Most vets that try to practice both conventional and alternative vet medicine, will find themselves doing alternative medicine using the mindset of the conditioned, conventional vet medicine approach.  Unfortunately, this only frustrates the vet and the client because it won’t work.  Results are often poor and often the vet will often give up and quit.  An example might be treating a pet with cancer.  A conventional mindset conceptualizes cancer and treats all of those types of cancer patients the same.  All dogs with lymphoma are going to be treated the same because they are treating the conceptual disease and not the individual pet.  The holistic practitioner does not treat conceptual diseases.  Instead, she will treat the imbalances that created the problems.  Each pet will be treated individually because each pet will have different imbalances.  If the vet treats all dogs with lymphoma the same using acupuncture or whatever energetic modality, it will not work as it is not addressing the individual’s needs.  She might be correct occasionally but not enough to get the results she desires.

Most vets that do both do not realize that this is going on and I often get phone calls from alternative practitioners with good intentions but poor results.  Once I explain to them what is going on, they will often re-focus, direct their awareness on the correct mindset and great things start to happen.  But, this will only happen if the original intent was to help the pet and not to make a larger profit.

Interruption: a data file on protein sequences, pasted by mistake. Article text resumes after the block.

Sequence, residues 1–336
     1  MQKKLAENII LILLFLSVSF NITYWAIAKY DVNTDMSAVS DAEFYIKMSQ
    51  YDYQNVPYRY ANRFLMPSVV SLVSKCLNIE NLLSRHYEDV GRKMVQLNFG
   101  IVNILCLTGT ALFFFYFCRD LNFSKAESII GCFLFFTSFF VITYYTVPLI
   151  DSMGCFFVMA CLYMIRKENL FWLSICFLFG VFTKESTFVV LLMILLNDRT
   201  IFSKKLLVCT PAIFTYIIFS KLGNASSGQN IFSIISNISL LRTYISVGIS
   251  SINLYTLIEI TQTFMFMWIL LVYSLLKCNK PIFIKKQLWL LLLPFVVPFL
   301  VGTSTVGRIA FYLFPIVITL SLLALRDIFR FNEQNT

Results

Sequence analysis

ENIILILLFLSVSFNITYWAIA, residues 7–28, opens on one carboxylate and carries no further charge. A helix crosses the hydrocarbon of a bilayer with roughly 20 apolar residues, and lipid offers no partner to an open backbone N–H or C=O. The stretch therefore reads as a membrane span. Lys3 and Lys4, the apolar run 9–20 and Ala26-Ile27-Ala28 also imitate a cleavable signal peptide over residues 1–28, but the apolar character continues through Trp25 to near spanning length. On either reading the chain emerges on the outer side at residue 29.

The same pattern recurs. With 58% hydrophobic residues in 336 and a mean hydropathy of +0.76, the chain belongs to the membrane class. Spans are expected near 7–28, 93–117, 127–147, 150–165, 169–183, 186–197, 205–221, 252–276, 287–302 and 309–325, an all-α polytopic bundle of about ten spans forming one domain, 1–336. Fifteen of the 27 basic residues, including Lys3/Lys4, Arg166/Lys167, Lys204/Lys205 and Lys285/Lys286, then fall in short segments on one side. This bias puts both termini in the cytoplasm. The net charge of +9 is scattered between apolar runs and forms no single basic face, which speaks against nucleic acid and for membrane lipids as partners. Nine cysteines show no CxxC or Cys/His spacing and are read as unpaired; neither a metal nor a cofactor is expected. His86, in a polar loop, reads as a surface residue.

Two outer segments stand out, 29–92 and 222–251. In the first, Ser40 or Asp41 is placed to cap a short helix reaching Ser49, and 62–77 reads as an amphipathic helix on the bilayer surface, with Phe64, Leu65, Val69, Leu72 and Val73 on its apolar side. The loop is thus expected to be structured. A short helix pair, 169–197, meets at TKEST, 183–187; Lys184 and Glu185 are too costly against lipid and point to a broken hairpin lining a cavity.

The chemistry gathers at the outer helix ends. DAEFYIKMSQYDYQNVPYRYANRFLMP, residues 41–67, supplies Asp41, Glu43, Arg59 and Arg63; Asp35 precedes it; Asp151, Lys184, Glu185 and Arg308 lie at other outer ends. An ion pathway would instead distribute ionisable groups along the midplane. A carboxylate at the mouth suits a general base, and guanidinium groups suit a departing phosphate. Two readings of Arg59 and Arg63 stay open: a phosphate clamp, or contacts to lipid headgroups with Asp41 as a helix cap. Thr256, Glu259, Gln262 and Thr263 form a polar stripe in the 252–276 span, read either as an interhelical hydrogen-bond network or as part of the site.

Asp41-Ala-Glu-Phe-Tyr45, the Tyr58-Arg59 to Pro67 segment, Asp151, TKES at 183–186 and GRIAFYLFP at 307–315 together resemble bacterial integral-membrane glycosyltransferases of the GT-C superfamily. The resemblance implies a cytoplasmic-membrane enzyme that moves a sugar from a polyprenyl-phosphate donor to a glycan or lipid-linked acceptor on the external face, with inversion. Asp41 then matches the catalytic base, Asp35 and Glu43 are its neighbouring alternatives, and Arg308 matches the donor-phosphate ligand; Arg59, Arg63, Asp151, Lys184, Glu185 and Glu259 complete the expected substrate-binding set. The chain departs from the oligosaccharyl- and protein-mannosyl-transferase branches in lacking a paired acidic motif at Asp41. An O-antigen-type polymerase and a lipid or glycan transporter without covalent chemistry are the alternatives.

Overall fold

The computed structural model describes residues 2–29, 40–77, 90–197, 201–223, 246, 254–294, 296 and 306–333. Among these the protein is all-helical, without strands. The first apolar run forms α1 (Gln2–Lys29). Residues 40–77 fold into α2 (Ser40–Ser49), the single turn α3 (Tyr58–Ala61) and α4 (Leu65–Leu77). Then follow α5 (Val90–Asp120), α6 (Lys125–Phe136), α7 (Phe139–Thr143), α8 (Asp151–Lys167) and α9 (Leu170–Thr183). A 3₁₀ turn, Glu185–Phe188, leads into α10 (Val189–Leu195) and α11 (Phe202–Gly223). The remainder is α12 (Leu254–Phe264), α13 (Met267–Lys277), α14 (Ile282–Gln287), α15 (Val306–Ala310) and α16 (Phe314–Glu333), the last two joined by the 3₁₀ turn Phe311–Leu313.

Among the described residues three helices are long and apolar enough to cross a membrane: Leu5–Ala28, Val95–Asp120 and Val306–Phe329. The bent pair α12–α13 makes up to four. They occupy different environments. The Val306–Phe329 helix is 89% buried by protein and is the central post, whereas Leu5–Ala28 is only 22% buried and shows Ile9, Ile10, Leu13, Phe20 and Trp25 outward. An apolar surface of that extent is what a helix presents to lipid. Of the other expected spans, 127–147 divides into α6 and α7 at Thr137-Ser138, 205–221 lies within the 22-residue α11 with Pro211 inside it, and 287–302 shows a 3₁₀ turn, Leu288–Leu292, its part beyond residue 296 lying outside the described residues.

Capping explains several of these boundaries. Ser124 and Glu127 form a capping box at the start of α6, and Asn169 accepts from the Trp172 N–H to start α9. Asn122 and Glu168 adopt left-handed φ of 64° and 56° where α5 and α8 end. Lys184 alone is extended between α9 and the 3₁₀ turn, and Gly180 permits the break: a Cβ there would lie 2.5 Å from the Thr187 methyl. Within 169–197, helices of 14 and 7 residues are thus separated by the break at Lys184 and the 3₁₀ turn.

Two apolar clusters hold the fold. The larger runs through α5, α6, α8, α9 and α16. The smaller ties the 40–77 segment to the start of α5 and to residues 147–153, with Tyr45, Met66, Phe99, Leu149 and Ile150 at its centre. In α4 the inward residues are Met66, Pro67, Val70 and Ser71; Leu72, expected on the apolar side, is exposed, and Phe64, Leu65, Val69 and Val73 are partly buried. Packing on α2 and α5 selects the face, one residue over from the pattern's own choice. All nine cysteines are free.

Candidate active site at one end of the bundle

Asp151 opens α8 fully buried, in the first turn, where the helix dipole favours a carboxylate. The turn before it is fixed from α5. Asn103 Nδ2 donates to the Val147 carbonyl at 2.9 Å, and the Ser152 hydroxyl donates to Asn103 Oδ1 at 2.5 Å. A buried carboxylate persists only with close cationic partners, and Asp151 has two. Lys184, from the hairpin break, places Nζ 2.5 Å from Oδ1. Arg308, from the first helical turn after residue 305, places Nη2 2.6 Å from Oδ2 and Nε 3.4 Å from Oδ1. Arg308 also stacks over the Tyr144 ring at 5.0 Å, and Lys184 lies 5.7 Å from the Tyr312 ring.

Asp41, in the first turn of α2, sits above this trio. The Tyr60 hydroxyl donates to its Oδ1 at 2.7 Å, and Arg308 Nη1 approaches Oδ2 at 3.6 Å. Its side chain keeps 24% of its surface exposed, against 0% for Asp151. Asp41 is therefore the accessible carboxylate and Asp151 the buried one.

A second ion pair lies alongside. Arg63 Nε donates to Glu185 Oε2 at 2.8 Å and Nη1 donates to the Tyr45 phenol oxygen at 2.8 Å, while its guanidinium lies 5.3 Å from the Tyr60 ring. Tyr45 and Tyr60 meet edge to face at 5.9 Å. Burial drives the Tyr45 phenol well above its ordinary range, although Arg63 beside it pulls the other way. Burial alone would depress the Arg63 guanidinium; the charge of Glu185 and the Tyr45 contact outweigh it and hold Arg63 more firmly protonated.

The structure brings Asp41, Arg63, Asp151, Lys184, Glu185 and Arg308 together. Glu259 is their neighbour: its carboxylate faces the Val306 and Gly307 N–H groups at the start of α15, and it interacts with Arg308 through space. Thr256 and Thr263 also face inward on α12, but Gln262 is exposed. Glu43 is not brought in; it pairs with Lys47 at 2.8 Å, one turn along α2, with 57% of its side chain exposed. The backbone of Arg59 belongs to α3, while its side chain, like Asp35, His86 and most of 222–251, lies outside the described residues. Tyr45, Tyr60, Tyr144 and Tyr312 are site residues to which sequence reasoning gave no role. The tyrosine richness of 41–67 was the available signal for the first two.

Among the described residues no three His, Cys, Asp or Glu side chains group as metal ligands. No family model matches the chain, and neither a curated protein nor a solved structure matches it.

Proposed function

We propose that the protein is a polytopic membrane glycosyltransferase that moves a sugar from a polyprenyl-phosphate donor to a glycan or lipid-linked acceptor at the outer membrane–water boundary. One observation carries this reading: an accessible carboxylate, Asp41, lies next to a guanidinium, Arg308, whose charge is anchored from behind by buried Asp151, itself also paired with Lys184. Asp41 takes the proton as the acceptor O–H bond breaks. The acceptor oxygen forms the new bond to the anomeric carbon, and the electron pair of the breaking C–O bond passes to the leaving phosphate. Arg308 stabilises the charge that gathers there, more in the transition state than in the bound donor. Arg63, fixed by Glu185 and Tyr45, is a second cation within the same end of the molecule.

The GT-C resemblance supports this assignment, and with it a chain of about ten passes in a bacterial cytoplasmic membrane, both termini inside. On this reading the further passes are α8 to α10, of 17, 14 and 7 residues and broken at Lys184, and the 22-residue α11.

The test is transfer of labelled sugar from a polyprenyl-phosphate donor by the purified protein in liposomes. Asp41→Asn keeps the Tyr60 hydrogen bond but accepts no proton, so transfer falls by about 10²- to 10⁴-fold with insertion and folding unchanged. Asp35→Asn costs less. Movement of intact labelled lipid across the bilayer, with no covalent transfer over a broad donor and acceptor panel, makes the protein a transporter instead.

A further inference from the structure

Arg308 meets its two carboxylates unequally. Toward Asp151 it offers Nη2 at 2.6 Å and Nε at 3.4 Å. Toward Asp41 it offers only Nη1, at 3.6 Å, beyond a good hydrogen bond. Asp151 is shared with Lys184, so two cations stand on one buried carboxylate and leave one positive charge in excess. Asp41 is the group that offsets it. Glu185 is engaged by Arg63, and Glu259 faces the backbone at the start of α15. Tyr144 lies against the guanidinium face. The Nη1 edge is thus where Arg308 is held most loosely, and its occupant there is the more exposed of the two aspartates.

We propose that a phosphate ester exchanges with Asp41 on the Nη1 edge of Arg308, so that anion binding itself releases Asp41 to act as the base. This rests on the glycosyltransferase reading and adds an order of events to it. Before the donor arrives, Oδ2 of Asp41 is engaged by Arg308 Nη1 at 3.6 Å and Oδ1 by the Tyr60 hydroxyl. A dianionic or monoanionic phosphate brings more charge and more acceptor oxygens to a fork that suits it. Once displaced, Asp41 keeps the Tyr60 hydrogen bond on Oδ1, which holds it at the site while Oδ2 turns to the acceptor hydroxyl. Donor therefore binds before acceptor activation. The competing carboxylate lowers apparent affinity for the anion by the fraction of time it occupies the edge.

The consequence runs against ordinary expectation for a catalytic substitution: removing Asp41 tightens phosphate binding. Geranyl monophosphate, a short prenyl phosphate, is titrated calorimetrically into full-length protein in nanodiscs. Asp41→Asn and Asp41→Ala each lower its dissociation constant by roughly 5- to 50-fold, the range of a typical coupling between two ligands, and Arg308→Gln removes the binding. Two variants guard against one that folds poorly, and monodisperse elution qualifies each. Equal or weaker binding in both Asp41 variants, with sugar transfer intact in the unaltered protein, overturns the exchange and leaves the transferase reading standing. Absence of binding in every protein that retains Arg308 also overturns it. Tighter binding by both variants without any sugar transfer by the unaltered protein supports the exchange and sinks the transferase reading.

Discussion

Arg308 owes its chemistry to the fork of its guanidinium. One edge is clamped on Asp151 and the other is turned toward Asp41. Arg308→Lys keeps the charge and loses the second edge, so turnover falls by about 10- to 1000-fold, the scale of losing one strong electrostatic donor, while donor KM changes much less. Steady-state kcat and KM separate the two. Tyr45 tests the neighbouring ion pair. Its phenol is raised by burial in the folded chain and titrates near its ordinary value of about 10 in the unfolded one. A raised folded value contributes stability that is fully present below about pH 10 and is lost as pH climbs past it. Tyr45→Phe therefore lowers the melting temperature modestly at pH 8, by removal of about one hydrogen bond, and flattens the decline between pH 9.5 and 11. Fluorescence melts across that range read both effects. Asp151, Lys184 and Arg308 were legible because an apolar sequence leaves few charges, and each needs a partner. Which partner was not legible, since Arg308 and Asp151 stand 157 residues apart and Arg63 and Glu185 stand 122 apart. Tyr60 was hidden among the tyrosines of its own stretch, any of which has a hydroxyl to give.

So, how do we go about finding that person?  The easiest way is to find a vet that only does alternative modalities.  I had to sell my integrated practice in order to develop the right mindset for a genuine holistic approach.  It is too easy to fall back into the old mindset, go the easy route and increase your profits by going the conventional route.  Once you locate that alternative only practitioner, I would focus on my three absolute rules for preventative health care:  diet, vaccination protocols and the use of chemicals for flea and tick control.  The first question I would ask is what their thoughts are about the pet’s diet.  They should be adamant about only feeding a balanced, wholesome diet, preferably raw.  If they say it is ok to feed heat-processed pet food (kibble or canned), run for the hills.  It is fundamental for pet health care to feed the species appropriate diet.  Then, I would want her to guide you away from vaccinating too often, preferably recommending vaccination titers instead of routing vaccinations.  Lastly, I would hope that she steers you away from any use of insecticides for flea and tick control.  The cherry on top would be that she would address the energetic influences that you, the pet caretaker, has on your pet.  Maybe, these recommendations will help guide you to the right person.